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The emergence of molecular systems neuroscience

Abstract

Systems neuroscience is focused on how ensemble properties in the brain, such as the activity of neuronal circuits, gives rise to internal brain states and behavior. Many of the studies in this field have traditionally involved electrophysiological recordings and computational approaches that attempt to decode how the brain transforms inputs into functional outputs. More recently, systems neuroscience has received an infusion of approaches and techniques that allow the manipulation (e.g., optogenetics, chemogenetics) and imaging (e.g., two-photon imaging, head mounted fluorescent microscopes) of neurons, neurocircuits, their inputs and outputs. Here, we will review novel approaches that allow the manipulation and imaging of specific molecular mechanisms in specific cells (not just neurons), cell ensembles and brain regions. These molecular approaches, with the specificity and temporal resolution appropriate for systems studies, promise to infuse the field with novel ideas, emphases and directions, and are motivating the emergence of a molecularly oriented systems neuroscience, a new discipline that studies how the spatial and temporal patterns of molecular systems modulate circuits and brain networks, and consequently shape the properties of brain states and behavior.

Introduction

Systems neuroscience studies are focused on how particular circuits and large brain networks modulate brain states and behavior. Evolution has shaped circuits and brain networks to include a variety of cell types and a wide range of complex molecular properties. For example, within each cell of these networks, hundreds of thousands of molecules form complex systems that modulate the cellular responses that shape the output of these networks. Novel powerful techniques, that allow the tracking and manipulation of these molecular systems, in a cell specific manner and in real time, have fueled the emergence of molecular systems neuroscience, a sub-discipline of systems neuroscience that studies how the spatial and temporal patterns of molecular systems modulate circuits and brain networks, and consequently shape the properties of brain states and behavior. Molecular systems neuroscience studies attempt to explain brain processes by connecting molecular mechanisms to cellular and systems mechanisms in multiple brain regions engaged in processing information and generating behavior. Here, we will introduce this new field and review key examples of the exciting technological developments that motivated its emergence.

Systems neuroscience is traditionally focused on how the activity of neuronal circuits gives rise to internal brain states and behavior. Many of the studies in this field have typically involved recordings of action potentials and other electrophysiological properties in specific brain regions, such as the visual cortex and hippocampus of awake behaving animals. The principal goal of these studies has been to explain how a particular electrophysiological phenomenon accounted for the observed behavior. For example, the discovery in the hippocampus of neurons that fire in specific places (i.e., place fields) was compelling evidence for cognitive maps [1, 2]. In another example, the discovery of cells in the visual cortex that fired preferentially to simple stimuli, such as gradients of a particular angle, and other cells that preferred more complex stimuli, such as edges and movement, helped to explain how the visual system processes complex visual scenes from simpler stimuli within those scenes [3,4,5,6]. Another cornerstone of systems neuroscience has been analytical and theoretical approaches [7,8,9] that attempt to decode how the brain transforms inputs into functional outputs (e.g., how visual signals are used in the generation of visual perceptions and even cognitive maps). The computational tools in the field have deep roots in physics and engineering.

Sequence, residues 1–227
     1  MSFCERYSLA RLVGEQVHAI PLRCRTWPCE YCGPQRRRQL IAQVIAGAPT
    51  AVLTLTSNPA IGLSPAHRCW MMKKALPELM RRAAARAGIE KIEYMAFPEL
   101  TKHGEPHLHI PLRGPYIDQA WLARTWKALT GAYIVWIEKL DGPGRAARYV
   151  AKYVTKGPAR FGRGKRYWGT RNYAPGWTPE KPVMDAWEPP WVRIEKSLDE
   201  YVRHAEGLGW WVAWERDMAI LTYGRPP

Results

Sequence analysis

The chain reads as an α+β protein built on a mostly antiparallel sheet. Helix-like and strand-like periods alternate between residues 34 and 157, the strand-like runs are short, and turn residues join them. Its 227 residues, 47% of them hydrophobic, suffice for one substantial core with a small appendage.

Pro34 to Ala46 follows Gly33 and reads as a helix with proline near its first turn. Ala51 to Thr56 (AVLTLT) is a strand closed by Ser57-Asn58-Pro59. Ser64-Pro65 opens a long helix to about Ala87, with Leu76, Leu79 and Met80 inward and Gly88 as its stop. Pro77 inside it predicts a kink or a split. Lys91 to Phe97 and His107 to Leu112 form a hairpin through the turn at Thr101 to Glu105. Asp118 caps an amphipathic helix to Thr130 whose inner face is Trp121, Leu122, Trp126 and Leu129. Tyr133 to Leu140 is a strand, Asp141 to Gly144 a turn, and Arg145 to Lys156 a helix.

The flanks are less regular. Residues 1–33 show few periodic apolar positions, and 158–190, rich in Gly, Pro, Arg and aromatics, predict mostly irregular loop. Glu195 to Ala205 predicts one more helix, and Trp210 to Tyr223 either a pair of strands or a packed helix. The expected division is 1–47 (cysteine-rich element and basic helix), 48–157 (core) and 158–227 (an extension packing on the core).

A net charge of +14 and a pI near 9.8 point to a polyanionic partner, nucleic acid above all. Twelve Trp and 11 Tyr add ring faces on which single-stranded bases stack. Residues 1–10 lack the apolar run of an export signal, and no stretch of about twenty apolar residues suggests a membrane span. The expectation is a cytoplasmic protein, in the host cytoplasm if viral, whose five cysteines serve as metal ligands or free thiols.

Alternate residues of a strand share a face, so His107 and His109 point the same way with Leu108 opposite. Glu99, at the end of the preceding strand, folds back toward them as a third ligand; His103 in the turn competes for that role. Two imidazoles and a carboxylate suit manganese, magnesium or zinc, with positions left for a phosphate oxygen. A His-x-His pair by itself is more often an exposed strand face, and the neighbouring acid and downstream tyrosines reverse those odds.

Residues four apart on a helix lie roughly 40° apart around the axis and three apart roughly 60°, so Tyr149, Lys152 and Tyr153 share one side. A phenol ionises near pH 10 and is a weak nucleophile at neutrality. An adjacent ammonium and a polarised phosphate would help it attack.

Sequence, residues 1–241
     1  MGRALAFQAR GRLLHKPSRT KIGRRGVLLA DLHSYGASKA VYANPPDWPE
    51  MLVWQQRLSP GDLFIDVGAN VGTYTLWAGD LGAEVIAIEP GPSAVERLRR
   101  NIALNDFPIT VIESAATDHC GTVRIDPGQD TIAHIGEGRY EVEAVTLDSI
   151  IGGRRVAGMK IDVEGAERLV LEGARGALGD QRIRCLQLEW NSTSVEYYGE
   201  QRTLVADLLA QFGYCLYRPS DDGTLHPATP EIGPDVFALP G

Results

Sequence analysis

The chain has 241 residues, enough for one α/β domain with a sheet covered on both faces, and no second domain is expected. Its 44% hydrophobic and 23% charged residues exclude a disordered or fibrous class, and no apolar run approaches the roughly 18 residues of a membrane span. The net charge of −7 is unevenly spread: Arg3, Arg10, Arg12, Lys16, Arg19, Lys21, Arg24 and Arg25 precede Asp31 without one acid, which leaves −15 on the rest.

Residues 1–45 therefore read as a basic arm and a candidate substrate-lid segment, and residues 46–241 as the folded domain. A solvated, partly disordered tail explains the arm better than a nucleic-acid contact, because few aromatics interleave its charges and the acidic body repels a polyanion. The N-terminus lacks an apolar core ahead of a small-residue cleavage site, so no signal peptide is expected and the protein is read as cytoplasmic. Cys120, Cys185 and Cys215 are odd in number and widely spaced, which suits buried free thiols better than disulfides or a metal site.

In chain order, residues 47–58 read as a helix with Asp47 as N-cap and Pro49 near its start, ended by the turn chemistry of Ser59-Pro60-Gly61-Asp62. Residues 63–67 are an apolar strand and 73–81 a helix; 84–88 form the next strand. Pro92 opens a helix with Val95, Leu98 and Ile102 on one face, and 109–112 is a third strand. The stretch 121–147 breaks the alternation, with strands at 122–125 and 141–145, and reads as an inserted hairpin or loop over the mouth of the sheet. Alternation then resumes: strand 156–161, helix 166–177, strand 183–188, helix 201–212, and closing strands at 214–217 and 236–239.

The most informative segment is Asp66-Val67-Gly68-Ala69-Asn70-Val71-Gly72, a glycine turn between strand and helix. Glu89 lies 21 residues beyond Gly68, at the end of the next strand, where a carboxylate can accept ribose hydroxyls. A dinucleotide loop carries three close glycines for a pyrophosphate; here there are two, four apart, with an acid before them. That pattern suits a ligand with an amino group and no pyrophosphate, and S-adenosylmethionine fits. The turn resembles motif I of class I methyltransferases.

More recently, systems neuroscience has received an infusion of approaches and techniques that allow the manipulation (e.g., optogenetics [10,11,12], chemogenetics [13, 14]) and imaging (e.g., two-photon imaging [15,16,17,18], head mounted fluorescent microscopes [19,20,21,22,23,24]) of neurons, neurocircuits, their inputs and outputs in awake behaving animals. This exciting technological infusion has not only changed the questions asked, but even transformed the very epistemological basis of the field away from a reliance on the predictive power of theoretical approaches as the ultimate arbiter of ideas and hypotheses. Instead, the field is now relying increasingly more on the convergence of evidence and consistency of findings as the means to ground ideas and discoveries. For example, recent studies have been able to not only image neurons (e.g. activity and morphology) involved in a particular memory in real time as animals learn and remember (e.g., with GCAMP6f and head-mounted fluorescent microscopes), but also control the expression of the same memory by artificially activating or inhibiting those neurons through optogenetics and/or chemogenetics [25,26,27]. Similarly, studies have both imaged the neurons and manipulated the circuits involved in decision making, emotion, working memory, anxiety, vision, etc.